Once LOIs had been issued simultaneously, there is no procedure, and really there cannot be a procedure, to refuse to accept the LOI compliances from an LOI holder and ask him to wait till some other LOI holder gave his compliances. The only logical and transparent method is to fix priority in order of receipt of compliances, which is what was done. All the applicants did in fact submit compliances on the same day or the next day, and none was prejudiced by this method. I further ensured this by the method of simultaneous allocation of spectrum, as far as possible. Thus, seniority became a non-issue and that is why no operator raised any grievance.
The decision to process applications received till 25.09.2007 and the issue of dual technology are relatively smaller issues. I approved the proposal to process applications received till 25.09.2007 because it was consistent with a harmonious reading of NTP-99, UASL Guidelines and TRAI Recommendations, considered along with the likely number of eligible applicants, likely availability of spectrum (including possibility of spectrum vacation), and past precedent of licensees waiting for spectrum allocation. I was in fact open to processing all the pending applications, but the thenS(T) was not in favour of this and hence this decision was taken. Insofar as dual technology was concerned, the Tata file was cleared as soon as they furnished the required No Dues Certificate and was not delayed for any reason. The question of their inter se priority with new applicants was never referred to me for a decision and was handled by the WPC internally.
The earlier procedure followed by the DoT was to allow several extensions of time to applicants to comply with eligibility conditions till issuance of LOI, and in some cases even after issuance of LOI. There is no power in the UASL Guidelines or anywhere else for this to be done, but it was being done. On what basis? Again, I suspect that the answer is known to all. After I took charge, I stopped this practice and directed that eligibility had to checked at the time of application and not subsequently. It is on the basis of this decision that the CBI has charged Swan Telecom and Unitech Group as being ineligible – and the twist in the tale is that I am supposed to have conspired with them! It is really absurd.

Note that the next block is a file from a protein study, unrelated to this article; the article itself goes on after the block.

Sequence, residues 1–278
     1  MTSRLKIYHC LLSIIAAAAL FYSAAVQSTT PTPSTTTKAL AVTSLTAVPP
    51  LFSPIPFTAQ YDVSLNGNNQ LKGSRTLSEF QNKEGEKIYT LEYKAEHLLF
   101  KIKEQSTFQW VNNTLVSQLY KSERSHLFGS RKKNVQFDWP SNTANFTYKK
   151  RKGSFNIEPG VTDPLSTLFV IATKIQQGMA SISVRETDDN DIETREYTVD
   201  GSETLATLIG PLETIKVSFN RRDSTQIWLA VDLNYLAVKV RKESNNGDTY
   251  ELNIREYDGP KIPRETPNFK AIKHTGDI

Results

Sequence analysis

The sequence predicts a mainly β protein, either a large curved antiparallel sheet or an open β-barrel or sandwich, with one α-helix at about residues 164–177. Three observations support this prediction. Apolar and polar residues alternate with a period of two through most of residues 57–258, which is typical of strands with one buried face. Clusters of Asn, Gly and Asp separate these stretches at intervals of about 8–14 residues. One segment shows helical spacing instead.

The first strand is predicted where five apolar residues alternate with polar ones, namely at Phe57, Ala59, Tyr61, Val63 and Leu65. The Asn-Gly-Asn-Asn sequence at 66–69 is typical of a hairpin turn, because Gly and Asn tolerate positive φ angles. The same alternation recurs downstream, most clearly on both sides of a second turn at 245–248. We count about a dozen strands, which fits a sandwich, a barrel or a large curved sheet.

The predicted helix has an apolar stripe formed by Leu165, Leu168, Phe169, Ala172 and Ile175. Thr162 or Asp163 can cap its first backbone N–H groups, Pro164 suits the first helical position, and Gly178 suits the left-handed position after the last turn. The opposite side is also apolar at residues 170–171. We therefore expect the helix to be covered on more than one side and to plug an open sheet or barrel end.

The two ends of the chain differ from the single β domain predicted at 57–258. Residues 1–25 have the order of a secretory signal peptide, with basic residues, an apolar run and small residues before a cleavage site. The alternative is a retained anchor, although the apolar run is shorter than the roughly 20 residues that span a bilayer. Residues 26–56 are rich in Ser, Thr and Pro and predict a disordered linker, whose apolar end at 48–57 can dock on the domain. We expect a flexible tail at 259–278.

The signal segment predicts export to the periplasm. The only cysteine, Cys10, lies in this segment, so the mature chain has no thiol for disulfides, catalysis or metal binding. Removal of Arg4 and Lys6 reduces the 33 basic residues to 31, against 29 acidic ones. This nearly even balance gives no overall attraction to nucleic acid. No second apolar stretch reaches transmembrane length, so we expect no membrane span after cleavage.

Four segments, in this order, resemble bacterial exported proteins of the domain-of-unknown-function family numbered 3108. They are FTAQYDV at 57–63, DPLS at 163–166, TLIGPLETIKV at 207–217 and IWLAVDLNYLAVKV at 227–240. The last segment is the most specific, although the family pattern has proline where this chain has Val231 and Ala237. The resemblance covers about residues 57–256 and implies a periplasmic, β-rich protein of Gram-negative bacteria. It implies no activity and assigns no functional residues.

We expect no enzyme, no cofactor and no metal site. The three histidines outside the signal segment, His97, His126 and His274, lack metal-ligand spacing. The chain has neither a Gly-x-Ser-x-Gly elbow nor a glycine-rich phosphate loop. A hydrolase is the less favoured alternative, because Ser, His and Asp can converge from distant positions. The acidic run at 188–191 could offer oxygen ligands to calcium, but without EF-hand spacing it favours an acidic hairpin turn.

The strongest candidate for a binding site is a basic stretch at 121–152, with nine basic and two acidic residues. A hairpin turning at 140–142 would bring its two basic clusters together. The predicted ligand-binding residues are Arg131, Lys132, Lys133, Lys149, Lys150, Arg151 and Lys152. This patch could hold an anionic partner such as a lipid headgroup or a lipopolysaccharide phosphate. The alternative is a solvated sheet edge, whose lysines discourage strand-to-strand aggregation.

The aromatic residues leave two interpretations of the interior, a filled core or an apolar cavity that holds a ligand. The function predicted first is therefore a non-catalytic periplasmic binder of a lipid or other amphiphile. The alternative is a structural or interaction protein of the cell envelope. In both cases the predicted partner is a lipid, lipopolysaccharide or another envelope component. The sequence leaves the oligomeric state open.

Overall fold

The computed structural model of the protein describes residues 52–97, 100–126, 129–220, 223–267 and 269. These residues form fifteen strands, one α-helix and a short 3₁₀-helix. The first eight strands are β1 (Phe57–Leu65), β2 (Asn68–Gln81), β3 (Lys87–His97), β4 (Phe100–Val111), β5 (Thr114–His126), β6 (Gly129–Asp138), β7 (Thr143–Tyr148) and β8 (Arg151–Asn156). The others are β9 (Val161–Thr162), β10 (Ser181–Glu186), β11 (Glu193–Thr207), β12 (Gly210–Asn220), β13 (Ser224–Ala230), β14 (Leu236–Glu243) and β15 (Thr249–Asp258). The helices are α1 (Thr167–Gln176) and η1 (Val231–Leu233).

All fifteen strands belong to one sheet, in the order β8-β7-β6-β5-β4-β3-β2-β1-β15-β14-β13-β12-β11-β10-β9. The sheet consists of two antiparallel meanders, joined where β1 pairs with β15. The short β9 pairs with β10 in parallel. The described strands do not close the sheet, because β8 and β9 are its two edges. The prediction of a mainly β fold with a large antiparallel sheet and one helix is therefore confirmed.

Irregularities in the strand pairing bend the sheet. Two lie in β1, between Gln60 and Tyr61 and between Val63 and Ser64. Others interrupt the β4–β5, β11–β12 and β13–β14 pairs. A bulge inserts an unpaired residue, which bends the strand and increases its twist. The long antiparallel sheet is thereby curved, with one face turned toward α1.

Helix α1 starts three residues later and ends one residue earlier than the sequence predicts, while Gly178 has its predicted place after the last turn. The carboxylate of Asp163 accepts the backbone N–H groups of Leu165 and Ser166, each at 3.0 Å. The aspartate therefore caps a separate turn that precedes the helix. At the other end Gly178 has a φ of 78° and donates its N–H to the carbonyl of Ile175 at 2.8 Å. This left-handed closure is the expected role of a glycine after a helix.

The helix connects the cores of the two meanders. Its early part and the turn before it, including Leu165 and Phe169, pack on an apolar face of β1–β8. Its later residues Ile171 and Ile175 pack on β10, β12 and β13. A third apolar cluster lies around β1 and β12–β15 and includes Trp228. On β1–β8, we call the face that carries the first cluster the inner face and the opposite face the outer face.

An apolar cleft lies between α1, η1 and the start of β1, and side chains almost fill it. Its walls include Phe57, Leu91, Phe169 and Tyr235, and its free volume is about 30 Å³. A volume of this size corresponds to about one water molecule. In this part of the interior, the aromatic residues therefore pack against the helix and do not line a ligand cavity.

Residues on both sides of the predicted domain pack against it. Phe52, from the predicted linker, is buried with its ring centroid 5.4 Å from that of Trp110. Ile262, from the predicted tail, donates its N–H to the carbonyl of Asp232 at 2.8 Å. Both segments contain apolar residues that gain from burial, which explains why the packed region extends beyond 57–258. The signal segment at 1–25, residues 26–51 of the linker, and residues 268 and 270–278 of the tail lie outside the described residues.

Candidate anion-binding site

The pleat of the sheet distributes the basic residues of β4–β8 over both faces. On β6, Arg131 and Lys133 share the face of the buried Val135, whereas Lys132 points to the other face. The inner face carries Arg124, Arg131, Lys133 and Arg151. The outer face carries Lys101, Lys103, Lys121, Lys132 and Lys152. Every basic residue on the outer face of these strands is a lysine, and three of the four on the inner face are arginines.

Today, after the intervention by the Supreme Court, cancellation of licenses and the attempted auction of spectrum, the telecom wheel has turned a full circle. There are no new operators, and no one is keen to enter the business. Tariff increases have already been announced, and are likely to be announced again. The telecom success story is finished.The so-called theory of conspiracy between me and some private operators has fallen flat after the combined investigation of CBI, ED and Income Tax Departments could not identify a single rupee of any bribe with me or even my extended family. Where has this left the country?
I took no unilateral decisions. Every major decision of mine was taken after consultation first with the DoT officers and thereafter with the Hon’ble PM, FM and EAM. All issues including entry fee, non-auction of spectrum, FCFS, processing of applications till 25.09.2007, etc., were personally discussed by me with the Hon’ble PM and the DoT proceeded only thereafter.
On several issues in this case, one can the view that the decision is a matter of opinion. Different options were available, and the DoT chose a particular option. I also accept that some other authority may have a different opinion. For instance, the Planning Commission says that telecom should not be seen as a source of revenue, but the CAG is concerned only with maximising revenue. These sort of institutional differences should be left to be determined by the Executive, which is of course answerable to Parliament. Instead, the CBI, the Supreme Court and various other bodies started imposing their opinions, leading to this current situation.
It must be understood that the CBI is the investigative and prosecuting arm of the Central Government. If the Hon’ble PM says in Parliament that there has been no loss to the exchequer, how can the Government stand by and watch silently while the CBI prosecutes me for allegedly causing loss to the exchequer? It is truly unbelievable and this attitude of the Government can perhaps only be explained as an exercise in blame-shifting or acting on political considerations.
The inter-institutional differences and aberrations mentioned above have been responsible for my personal liberty being sacrificed for fifteen months, though I do believe that I have emerged stronger from this. But all this could easily have been avoided if the Government had backed its Minister and presented the case properly before the Supreme Court.I can only hope that if this kind of situation recurs, no other Minister is made to suffer my fate. In conclusion, I would like to state that I stand by every decision that I took, and I am confident of emerging from this controversy with my name cleared by the judiciary and by history."